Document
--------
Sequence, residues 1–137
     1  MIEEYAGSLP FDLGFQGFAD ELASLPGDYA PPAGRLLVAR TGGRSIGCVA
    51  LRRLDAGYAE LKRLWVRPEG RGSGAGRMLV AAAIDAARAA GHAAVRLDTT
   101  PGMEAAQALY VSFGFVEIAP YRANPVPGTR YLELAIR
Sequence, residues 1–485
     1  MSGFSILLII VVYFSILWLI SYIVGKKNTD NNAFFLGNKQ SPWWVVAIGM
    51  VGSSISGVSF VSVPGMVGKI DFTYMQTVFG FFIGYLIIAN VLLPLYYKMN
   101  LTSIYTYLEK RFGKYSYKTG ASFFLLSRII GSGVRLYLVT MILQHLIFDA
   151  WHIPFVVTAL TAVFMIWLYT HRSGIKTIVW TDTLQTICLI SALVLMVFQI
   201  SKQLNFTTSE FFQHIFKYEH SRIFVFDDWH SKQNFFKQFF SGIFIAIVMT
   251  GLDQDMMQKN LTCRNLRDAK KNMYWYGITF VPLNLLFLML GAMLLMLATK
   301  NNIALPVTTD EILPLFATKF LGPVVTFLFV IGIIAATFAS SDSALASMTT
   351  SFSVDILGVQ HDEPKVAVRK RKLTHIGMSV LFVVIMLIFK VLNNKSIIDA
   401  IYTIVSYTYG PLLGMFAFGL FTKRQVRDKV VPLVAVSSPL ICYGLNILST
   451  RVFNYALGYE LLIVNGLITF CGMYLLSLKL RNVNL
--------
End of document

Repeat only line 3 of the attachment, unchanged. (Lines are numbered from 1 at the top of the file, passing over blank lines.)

    51  LRRLDAGYAE LKRLWVRPEG RGSGAGRMLV AAAIDAARAA GHAAVRLDTT